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MADISON

In much of Europe, carp are revered as table fare, gracing the menus for Easter and Christmas feasts.

Here, not so much.

While commercial demand exists in the U.S. and some Wisconsin carp find their way to East Coast fish markets, most of the local attention is focused on managing carp numbers to support water quality, improve habitat and maintain healthy fisheries. Kurt Welke, a Wisconsin Department of Natural Resources fisheries biologist, said managing carp populations often requires a multi-year commitment by natural resources managers, local governments and private groups such as lake associations.

'Carp reproduce in large numbers and when there aren't enough panfish or other species to consume carp eggs, they will dominate a fishery,' Welke said. 'Worse, their bottom feeding habits stir up sediment and re-suspend phosphorus in the water, leading to unhealthy algae blooms and reducing sunlight needed for native vegetation to grow.

Such was the case at Indian Lake, a 66-acre lake that was once a very popular, family-oriented fishery and a gem within the Dane County park system. The culprits are common carp, which were imported into the U.S. by Europeans in the mid-1800s, rather than the Asian silver or bighead carp that fortunately still remain out of most Wisconsin waters.

'Fifteen years ago, Indian Lake enjoyed a great reputation as a place to catch nice bass and nice bluegills,' Welke said. 'Several years ago, a winter kill eliminated many of the bluegills and other egg predators that had kept the common carp numbers in control. In spring, the carp came in from Halfway Prairie Creek during a high water event and they quickly filled the gap. With no competitors, their numbers took off.'

The result was an unsavory combination of reduced water quality with algae blooms that diminished the area's recreation potential. DNR and Dane County officials stepped in with a chemical application called rotenone that killed many of the carp during the winter of 2015. However, some survived to produce a year class of young that have been the target of this spring's removal efforts.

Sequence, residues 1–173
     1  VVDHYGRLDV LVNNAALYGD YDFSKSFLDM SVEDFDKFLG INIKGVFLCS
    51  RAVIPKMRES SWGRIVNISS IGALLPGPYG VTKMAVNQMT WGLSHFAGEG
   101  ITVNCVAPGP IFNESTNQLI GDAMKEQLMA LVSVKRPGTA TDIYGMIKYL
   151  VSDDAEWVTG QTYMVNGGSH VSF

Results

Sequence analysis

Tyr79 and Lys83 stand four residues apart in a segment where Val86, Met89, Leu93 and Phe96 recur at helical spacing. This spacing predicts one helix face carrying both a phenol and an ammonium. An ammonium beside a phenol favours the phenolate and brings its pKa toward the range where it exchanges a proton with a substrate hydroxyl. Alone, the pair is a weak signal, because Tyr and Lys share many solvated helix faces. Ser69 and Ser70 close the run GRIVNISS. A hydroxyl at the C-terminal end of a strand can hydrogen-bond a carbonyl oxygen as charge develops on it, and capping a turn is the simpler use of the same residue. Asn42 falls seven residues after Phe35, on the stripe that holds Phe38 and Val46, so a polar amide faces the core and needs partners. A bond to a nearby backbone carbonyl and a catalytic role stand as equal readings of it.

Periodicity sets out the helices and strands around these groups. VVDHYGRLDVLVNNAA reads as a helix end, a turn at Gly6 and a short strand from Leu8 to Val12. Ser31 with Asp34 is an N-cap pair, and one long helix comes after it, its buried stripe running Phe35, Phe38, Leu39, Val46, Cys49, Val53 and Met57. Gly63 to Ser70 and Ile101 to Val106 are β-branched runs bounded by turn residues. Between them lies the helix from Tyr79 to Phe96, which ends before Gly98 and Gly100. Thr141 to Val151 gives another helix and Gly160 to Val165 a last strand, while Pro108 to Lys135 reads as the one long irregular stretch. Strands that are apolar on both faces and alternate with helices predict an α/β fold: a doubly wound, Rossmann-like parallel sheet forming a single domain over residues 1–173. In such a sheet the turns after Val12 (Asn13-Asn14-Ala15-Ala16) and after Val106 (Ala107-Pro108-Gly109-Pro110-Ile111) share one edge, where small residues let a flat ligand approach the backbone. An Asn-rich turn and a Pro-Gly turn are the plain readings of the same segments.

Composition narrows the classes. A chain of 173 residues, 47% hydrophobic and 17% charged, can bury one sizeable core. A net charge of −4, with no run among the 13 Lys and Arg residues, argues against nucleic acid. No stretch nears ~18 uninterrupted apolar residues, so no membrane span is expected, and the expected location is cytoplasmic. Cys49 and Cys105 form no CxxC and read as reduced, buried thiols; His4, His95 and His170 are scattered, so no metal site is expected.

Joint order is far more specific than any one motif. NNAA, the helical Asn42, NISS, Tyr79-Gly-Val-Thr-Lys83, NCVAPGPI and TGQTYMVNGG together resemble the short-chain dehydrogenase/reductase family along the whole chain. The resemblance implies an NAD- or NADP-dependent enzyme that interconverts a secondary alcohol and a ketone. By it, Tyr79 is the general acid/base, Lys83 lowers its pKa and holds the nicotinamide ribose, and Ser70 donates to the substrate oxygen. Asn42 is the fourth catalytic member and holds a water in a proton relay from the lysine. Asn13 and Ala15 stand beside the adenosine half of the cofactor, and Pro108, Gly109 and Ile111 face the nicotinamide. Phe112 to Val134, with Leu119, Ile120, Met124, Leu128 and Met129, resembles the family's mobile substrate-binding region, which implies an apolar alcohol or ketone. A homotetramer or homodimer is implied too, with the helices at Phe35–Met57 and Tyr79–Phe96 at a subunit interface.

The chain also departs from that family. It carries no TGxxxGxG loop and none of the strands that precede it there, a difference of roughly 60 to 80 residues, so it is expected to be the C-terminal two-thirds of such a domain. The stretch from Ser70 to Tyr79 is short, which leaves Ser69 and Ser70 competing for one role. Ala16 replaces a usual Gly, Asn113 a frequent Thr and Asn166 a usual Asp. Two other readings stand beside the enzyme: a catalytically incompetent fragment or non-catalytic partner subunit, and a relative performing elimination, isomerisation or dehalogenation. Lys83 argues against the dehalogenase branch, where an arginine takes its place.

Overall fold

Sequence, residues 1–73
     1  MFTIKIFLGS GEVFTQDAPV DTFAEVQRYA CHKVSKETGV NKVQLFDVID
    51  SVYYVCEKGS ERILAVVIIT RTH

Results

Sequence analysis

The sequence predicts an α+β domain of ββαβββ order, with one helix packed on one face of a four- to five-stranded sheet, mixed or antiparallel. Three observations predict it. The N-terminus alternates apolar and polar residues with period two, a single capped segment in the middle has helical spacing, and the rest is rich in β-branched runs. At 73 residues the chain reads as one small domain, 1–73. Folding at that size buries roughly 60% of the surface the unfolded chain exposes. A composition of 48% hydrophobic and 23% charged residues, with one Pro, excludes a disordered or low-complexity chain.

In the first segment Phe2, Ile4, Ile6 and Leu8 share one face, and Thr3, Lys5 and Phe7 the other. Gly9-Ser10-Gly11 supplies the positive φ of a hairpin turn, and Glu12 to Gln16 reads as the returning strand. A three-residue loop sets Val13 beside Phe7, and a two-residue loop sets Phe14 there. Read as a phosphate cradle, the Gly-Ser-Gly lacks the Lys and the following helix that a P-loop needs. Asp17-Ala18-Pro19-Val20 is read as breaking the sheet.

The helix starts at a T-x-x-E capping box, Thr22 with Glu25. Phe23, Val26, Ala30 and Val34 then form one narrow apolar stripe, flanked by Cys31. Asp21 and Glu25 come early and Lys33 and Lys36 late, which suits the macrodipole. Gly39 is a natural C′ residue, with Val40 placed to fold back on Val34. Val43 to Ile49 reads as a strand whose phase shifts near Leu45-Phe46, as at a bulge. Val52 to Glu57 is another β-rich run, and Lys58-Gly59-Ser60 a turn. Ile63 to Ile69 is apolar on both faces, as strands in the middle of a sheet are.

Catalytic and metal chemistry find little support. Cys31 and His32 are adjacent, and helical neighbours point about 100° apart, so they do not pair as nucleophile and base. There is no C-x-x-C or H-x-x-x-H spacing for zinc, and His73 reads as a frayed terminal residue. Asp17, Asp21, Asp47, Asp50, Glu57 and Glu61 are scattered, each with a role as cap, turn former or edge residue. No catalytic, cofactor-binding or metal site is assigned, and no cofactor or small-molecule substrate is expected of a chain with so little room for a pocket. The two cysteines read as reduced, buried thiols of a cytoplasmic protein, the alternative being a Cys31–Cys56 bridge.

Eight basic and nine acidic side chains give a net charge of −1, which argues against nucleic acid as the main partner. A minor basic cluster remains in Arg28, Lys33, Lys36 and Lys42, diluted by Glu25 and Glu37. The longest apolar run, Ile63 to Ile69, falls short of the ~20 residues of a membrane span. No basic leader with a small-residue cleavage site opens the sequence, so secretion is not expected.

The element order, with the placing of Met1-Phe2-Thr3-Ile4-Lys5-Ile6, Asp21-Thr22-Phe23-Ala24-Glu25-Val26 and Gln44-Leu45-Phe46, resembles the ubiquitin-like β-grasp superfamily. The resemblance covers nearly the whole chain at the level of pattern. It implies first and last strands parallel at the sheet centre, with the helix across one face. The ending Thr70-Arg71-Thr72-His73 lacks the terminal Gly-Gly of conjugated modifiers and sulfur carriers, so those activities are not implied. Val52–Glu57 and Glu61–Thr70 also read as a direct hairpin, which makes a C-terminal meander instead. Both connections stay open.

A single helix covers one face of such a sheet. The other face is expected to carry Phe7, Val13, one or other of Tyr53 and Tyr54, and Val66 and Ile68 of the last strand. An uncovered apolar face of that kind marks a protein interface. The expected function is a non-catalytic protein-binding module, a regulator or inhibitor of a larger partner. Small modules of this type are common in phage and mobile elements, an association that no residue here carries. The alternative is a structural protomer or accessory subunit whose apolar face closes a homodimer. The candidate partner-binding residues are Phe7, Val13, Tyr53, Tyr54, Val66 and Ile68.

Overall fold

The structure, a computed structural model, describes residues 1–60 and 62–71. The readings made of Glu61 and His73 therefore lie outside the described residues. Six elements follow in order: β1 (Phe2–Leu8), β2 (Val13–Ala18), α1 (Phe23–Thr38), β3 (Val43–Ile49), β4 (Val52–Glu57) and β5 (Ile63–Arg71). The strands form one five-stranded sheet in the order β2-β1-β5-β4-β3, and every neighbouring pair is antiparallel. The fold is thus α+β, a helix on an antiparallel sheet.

Following fisheries survey work, the DNR south central fisheries team and Dane County Land Conservation Division staff determined netting to be the next option. As on many other Wisconsin lakes in spring, a commercial contractor with specialized nets and equipment was hired to help execute the project. Dane County paid for the removal as part of its commitment to improving water quality.

A late spring 2016 electrofishing survey also will be conducted to determine whether additional measures are needed to re-establish the sport fishery and control carp.

'Through this effort, we're trying to promote the fish we want to see in the lake — the native panfish, bass and northern pike,' said Mike Rennicke, DNR fisheries technician. During the carp netting, Rennicke and other DNR crew members worked to carefully remove the hundreds of northern pike caught in the nets along with 971 pounds of carp.

Some lakes such as Kegonsa require periodic commercial netting to help support water quality and maintain a sound recreational fishery. Laura Stremick-Thompson, a DNR fisheries biologist covering Dodge and Jefferson counties, sees large-scale removal efforts on large impounded waters in her area, including the removal of 1.4 million pounds of carp from Beaver Dam Lake in Dodge County in 2014.

With carp populations that can reach more than 300 pounds per acre, removal can be beneficial to the lake ecosystem, Stremick-Thompson said. The result has been better water clarity, reduced algae blooms and much improved perch and panfish populations. Carp and buffalo from the Beaver Dam removal efforts have made their way to New York's famed Fulton Fish Market.

Welke said the carp removed from Indian Lake weren't large enough to merit a trip to the East Coast. Instead, they will find use as fertilizer in area farm fields. While it's likely that this spring's removal efforts won't get all the carp out, it is another step forward in ongoing efforts to restore habitat and provide fishable, swimmable waters.

This year, Wisconsin's inland fishing season opens on Saturday, May 7. To buy a license, visit GoWild.wi.gov.

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